On 28 October, 24-year-old sales promoter, Sam Ke Ting, was acquitted of driving recklessly, before a road accident which resulted in the deaths of eight teenagers. The accident happened at Jalan Lingkaran Dalam, in Johore Baru, at 3.20 am on 18 February 2017.
Let us look at the role of the parents in this tragedy.
Children should not be out at night, and racing illegally on the highway, at 3 am in the morning. Were the parents unaware of their childrens’ whereabouts?
Start at the beginning
Religious men have ‘corrupted’ the Malay mind, so that he is unable to accept any hard truths.
When you tell Malay parents to practice family planning, they will say, “Children are a gift from God”.
If children are a gift from God, why does the child, or parent, treat his life as a cheap, worthless commodity?
When you tell the Malay that driving recklessly may cause an accident, he will say, “If it is God’s will, then so be it”.
What a pity that the hadith, “Seeking knowledge is obligatory upon every Muslim”, which when combined with the opportunity to correct one’s sins and mistakes to improve oneself, is lost on the Malay. Why are so many Malays recalcitrant?
An accident waiting to happen
The bicycling tragedy in Johor Baru was an accident waiting to happen. The police have tried unsuccessfully, on numerous occasions, to disperse the cyclists. The boys on their modified bikes quickly disappear at the first sign of a police car.
The cyclists should not be on the highway. They should not be bunched in the middle of the road, or congregate on the central divider. The boys should be in bed well before 3am, as they have school the next day. Instead, these boys, and some of their parents, expect public understanding.
To you and I, these cyclists or Mat Basikals, are mere Mat Rempits-in-training.
Here are two responses from parents of some of the injured cyclists.
One father, whose son sustained injuries to the hip, admitted that he had been reluctant to “excessively control” his son. He feared that his son would be “stressed out” whenever the teenager was admonished by his parents.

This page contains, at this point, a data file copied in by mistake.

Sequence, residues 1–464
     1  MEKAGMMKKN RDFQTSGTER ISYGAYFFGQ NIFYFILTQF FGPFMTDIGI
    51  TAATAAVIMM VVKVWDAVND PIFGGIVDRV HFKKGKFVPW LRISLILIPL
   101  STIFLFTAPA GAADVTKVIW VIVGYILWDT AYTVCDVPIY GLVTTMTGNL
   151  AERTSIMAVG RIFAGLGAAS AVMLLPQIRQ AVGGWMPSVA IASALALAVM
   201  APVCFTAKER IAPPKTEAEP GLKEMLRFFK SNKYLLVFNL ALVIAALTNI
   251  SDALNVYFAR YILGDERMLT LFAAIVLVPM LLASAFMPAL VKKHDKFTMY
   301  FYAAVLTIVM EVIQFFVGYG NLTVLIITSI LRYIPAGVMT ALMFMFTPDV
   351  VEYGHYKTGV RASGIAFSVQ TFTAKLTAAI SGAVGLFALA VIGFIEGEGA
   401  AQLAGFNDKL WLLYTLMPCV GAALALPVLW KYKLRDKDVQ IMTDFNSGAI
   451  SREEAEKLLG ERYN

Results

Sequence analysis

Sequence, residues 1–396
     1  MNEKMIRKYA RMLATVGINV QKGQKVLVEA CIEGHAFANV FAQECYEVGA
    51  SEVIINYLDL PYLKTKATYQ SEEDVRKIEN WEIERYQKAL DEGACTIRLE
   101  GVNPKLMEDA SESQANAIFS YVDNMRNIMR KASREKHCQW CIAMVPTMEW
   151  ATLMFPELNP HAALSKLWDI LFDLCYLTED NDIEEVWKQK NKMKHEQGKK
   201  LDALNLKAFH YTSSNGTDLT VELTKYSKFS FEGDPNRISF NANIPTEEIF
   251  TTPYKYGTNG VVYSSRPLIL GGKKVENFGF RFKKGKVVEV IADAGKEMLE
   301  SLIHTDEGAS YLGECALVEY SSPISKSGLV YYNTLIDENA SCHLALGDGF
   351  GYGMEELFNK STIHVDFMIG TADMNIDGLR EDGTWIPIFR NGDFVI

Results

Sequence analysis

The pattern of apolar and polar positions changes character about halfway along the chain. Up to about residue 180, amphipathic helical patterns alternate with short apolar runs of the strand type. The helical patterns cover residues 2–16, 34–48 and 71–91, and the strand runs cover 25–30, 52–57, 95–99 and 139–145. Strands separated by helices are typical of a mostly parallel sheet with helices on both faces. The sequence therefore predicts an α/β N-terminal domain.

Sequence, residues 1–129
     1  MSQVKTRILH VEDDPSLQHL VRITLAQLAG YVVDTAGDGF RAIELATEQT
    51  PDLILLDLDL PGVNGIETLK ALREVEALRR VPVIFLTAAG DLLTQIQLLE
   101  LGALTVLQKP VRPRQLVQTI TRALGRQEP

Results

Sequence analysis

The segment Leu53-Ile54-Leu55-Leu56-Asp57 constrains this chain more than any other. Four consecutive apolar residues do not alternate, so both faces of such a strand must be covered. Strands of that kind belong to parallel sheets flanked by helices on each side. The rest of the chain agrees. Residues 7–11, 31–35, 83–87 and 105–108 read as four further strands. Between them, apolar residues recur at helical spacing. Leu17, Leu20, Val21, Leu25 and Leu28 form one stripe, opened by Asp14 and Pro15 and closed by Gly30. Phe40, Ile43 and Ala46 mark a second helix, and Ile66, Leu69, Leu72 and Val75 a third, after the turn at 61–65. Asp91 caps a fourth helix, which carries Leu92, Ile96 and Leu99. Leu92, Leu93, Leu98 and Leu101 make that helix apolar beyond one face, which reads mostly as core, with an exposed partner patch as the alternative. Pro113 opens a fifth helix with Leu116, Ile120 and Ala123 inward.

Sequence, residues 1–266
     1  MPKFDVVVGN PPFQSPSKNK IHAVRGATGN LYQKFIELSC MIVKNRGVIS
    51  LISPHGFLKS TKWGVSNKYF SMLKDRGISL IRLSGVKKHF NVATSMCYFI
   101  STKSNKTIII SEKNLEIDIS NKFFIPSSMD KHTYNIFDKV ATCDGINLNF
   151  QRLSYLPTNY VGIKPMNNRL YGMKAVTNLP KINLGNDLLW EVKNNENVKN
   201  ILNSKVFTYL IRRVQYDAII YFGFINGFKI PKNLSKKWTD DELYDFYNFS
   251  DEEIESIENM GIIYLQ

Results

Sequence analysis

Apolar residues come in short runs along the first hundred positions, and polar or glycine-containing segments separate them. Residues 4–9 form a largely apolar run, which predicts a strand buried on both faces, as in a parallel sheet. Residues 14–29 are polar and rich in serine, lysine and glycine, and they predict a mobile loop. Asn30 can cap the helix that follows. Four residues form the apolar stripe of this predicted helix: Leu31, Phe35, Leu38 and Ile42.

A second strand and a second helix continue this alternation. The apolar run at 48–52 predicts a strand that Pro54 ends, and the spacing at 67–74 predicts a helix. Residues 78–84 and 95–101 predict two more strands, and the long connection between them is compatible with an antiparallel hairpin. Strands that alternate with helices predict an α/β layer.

His son, had, on several occasions, disobeyed him and sneaked out of the house at night.
One mother begged the public to stop blaming the parents and the victims. She felt that it was unfair of the public to blame the parents for neglecting their children.
She is right. The children were not neglected. They were over-indulged.
Parents who refuse to discipline their children
There are many instances in daily life in which the Malay parent stubbornly refuses to discipline their children. March them to bed, from an early age, if they are naughty. Make them adhere to simple house rules. Gate them for a few days, and stop them from meeting their friends, if need be. Stop their pocket money if necessary.
What is the usual Malay parent’s response when someone points out that the Malay child is doing something dangerous, like playing on the streets?
If the boy meets with an accident, the parent says that it is his takdir (destiny). There is no mention of taking preventative measures, about playing safely within the confines of the garden, or in the house.
Some Malays fail to distinguish between quality and quantity, and large families are the bane of the Malays. The affirmative action policies do not appear to address the rising poverty in the Malay community.
In the olden days, high child mortality rates and poor provision of healthcare meant that children who survived beyond five years of age were rare. Large families addressed the shortage of labour in the fields, and the care of elderly parents.
Having a large family is not sustainable in today’s world. Whether they live in a town, or the village, children need a good education, good nutrition, a stable family life and love.
What they really mean
When Malays say that they want large families, it is just an excuse not to practise family planning.
When a Malay man demands a virgin bride, it is because he fears being told that his technique is rubbish.
When a Malay excuses his wrongdoings with “takdir tuhan” (Divine intervention) he is absolving himself of any responsibility.
It is time the Malays had a rethink, and learnt to be in control of their own destiny.
Punish the parents, especially those whose children are under the age of 18, and are involved in illegal racing. Perhaps, the parents will be moved to discipline their children and resolve the danger they cause on the roads.
Mat Basikals will learn to ride kapcais and then become Mat Rempits.
Note: Subsequent investigations showed that Sam was not speeding and was not using her mobile phone.
Here is footage that was sent to me a few days ago, about another group of Mat Basikals in KL. Will they ever learn? Will their parents ever learn?
In JB, in front of the Palace water fountain in Jalan Sekudai, I have observed young couples with TODDLERS in tow, crossing the road to the car park. Parents go first, and the toddler trying to catch up and crossing the road BY HIMSELF. I stopped and looked at them. The mother then ran back to pick up the toddler. Is this what they mean by ‘valuing life’. The mat rempits and mat lajaks are still a problem. It has always been the perception that discipline is missing in the upbringing of their children. There is also no attention to education. For many years there were no malay children in kindergartens in JB(except for one or two) until the 90s. How can malays move up the ladder when these dysfunctions are so common.
Their mentality is that government will take care of them. They have special rights.